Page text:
The ethanol plant has fostered an active presence in the local community by hosting elected officials including then-Senator Barack Obama (D-Ill.) and Congressman John Shimkus (R-Ill.). Both elected officials were given a warm welcome as they learned more about ethanol production and the impact it has on the local community. The company also partners with the local junior college to offer internships and donate equipment so students can learn more about the ethanol production process. Lincolnland supports many local programs and is a long-time sponsor of the annual Labor Day rodeo in Palestine, Ill.

“What started as an idea by a group of local farmers has turned into a successful ethanol plant that is run with integrity and gives back to the local community. The hours, days, and years of dedication can be seen in every aspect of this business today,” said Bob Dinneen, president and CEO of the Renewable Fuels Association. “This truly is a day to celebrate and honor the 10 years of hard work that has gone into making this business a success.”

Report Shows Oil Companies Block Renewable Fuels

gasoline_pumpThe biggest names in the oil industry get failing grades when it comes to offering alternative transportation fuels like ethanol, according to a new report card released today by the Renewable Fuels Association (RFA).

A new “Consumer Choice Report Card” grades the nation’s largest retail gasoline chains based on whether they are providing consumers with alternatives to regular gasoline that cost less, reduce pollution and are higher octane for better engine performance.

RFANewlogoAccording to RFA, the “Big Five” oil companies all scored at the bottom of the list — with fewer than one percent of stations offering American made, renewable alternatives like E85 or E15 — while a number of major independent retail chains received “A+” grades, with more than 25 percent of their stations offering E85 or E15. Those five companies are Exxon, BP, ConocoPhillips, Chevron and Shell. At the head of the class are independent chains such as Break Time, Meijer, Thorntons, Kum & Go, and Kwik Trip – all of which earned a grade of A+ for their support of renewable fuels. Among oil company affiliated brands, only Speedway/SuperAmerica and Cenex received high marks (“A-“ and “B,” respectively.)

The Consumer Choice Report Card is part of a new report from the RFA titled “Protecting the Monopoly: How Big Oil Covertly Blocks the Sale of Renewable Fuels” which exposes how the five largest oil companies, along with a number of leading refiners, are “engaging in strong arm tactics and covert practices to prevent and discourage the sale of renewable fuels, especially at stations carrying their brand name.” The report finds that oil company distribution contracts “routinely include provisions that make it difficult, needlessly expensive, or simply impossible for a retailer to offer consumers choices like E15 or E85.”

RFA president and CEO Bob Dinneen and RFA Senior Vice President Geoff Cooper held a media call to discuss the report and scorecard. “Cynically, oil companies frequently cite a shortage of fueling infrastructure as a reason why the EPA should lower the requirements of the Renewable Fuel Standard. Yet, as demonstrated in this analysis, the oil industry itself has deliberately created this shortage by making it as difficult and burdensome as possible for retail gas stations to offer greater volumes of renewable fuels,” said Dinneen. “We have to enforce the Renewable Fuel Standard.”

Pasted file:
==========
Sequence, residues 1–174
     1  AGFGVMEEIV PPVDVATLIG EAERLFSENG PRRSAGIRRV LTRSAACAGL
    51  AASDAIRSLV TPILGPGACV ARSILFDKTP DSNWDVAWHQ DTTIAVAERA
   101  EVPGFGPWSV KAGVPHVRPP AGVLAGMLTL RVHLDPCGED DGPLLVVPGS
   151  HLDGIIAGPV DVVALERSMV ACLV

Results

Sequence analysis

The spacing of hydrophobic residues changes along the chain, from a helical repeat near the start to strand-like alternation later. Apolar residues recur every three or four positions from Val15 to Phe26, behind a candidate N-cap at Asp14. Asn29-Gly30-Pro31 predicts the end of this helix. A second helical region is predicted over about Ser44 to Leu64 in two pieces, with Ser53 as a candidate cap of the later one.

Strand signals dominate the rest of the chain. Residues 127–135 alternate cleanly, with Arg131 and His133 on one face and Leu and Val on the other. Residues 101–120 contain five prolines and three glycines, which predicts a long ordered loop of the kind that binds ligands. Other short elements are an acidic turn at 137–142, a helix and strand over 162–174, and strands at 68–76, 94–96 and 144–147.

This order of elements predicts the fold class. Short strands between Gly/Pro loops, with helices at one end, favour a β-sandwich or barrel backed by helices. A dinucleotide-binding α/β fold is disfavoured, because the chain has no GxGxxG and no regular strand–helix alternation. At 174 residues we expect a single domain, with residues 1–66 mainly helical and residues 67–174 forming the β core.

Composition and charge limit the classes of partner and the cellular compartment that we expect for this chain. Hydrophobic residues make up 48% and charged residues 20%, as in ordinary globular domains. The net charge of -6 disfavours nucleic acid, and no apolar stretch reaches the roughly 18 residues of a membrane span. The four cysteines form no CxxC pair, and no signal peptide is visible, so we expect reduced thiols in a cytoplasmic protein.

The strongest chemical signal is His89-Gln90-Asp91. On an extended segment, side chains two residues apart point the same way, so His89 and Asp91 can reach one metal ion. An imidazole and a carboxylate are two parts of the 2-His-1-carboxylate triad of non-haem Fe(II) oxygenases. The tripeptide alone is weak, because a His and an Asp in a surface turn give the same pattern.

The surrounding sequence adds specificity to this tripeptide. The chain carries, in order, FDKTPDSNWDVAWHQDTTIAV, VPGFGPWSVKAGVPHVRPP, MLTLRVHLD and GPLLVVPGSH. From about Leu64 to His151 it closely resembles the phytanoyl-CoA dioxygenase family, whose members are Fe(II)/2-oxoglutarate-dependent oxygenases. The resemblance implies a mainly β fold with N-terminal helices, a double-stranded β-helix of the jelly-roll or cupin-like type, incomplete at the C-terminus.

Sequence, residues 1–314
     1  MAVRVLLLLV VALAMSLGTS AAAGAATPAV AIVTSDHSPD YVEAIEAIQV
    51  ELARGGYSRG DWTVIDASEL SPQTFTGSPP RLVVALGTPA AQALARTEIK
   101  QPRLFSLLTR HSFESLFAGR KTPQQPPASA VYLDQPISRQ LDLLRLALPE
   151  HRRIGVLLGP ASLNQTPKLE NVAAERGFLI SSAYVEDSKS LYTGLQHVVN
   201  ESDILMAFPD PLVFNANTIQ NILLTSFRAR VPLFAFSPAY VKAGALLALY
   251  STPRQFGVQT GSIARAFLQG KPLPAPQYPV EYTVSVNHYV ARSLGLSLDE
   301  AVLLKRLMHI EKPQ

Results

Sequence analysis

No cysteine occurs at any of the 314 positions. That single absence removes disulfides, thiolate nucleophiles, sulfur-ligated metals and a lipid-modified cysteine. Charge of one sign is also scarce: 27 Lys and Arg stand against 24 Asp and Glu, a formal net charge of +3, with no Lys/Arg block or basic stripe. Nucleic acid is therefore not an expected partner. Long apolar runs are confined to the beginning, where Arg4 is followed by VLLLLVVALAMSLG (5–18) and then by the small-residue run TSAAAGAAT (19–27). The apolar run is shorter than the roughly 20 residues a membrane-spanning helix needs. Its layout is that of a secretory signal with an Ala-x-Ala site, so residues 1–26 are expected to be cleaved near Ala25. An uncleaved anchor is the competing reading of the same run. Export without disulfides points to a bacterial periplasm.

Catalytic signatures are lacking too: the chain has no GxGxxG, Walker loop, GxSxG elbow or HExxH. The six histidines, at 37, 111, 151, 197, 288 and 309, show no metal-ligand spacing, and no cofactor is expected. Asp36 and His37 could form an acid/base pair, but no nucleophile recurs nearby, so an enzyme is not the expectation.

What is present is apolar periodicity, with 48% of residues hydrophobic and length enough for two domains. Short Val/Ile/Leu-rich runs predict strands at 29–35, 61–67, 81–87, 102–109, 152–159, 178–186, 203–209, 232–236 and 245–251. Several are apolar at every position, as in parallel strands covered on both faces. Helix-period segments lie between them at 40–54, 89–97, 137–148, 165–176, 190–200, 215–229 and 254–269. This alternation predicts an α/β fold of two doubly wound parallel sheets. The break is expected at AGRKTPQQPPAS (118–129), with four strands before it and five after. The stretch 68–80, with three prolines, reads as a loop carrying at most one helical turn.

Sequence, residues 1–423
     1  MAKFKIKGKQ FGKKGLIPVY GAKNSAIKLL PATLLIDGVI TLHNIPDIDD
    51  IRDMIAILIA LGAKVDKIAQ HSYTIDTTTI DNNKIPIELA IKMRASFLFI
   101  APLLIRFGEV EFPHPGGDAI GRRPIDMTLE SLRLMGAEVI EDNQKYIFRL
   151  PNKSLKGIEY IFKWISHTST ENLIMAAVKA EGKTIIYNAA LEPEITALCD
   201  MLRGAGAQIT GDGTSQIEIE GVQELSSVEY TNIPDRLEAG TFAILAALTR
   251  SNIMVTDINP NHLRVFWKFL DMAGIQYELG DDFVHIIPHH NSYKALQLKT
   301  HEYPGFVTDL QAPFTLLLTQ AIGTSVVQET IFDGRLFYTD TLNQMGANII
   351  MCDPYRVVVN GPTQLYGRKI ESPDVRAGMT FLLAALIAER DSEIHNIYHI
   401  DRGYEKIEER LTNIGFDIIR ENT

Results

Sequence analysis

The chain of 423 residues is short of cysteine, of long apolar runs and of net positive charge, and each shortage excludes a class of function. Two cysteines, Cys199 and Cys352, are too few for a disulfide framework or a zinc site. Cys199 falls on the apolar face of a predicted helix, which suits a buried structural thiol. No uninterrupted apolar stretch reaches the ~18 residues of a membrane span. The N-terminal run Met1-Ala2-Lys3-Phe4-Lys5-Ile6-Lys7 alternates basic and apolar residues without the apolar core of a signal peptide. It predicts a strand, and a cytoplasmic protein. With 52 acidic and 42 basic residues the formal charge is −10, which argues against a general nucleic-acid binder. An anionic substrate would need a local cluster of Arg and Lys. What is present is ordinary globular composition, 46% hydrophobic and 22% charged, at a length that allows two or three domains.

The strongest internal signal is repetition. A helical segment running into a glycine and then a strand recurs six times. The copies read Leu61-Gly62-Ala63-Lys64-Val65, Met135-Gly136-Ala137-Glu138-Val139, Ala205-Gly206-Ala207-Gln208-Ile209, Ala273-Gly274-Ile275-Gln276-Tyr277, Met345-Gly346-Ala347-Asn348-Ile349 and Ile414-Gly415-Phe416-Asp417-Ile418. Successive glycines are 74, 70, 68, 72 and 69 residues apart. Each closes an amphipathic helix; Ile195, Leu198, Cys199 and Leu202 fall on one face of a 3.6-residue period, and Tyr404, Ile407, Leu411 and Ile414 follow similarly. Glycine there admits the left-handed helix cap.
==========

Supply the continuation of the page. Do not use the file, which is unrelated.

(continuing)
Cooper explains some of the tactics used by the big oil companies to prevent or discourage sales of renewable fuels. “Most of these contracts require supplier exclusivity meaning the retailer can only sell fuels made by supplier,” said Cooper. “So if the supplier doesn’t make E15 or E85 available at the terminal, the distributor can’t distribute it to the retailer.” Cooper says many agreements actually actively discourage retailers from promoting the availability of E85 and some have been fined for doing so.

Listen to or download the call here: RFA report on how oil companies block renewable fuels

EPA Chief Hopes RFS Rule Coming “Soon”

epa-mccarthyEnvironmental Protection Agency Administrator Gina McCarthy held a conference call with media this morning in advance of her trip to Missouri this week to talk about the proposed Waters of the United States rule, or WOTUS.

I had the last question on the press conference and took the liberty of going off topic to ask about when the final rule on the volume obligations under the Renewable Fuel Standard (RFS) would be released. “I’m hoping it will come out soon,” she said. Explaining about the delay in releasing the final rule, which was expected by the end of June, McCarthy said it has become clear that there is concern “not only about what the volumes of the fuels are but the way in which we are adjusting those volumes.”

McCarthy stressed that the administration “continues to have a strong commitment to biofuels” and they want to make sure the final rule “clearly reflects that interest.”

“My goal is always to make sure we get it right,” she concluded.

Listen to McCarthy answer the question here. EPA Administrator Gina McCarthy on RFS rule release

Export Exchange 2014 Registration Open

2014-export-exchangeRegistration is now open for Export Exchange 2014™, an international trade conference focused on the export of U.S. coarse grains and ethanol co-products.

Approximately 300 U.S. suppliers and agribusiness representatives and more than 180 international buyers are expected to attend Export Exchange 2014. The conference is being held Oct. 20-22 at the Sheraton Seattle Hotel and is co-sponsored by the U.S. Grains Council (USGC) and the Renewable Fuels Association (RFA).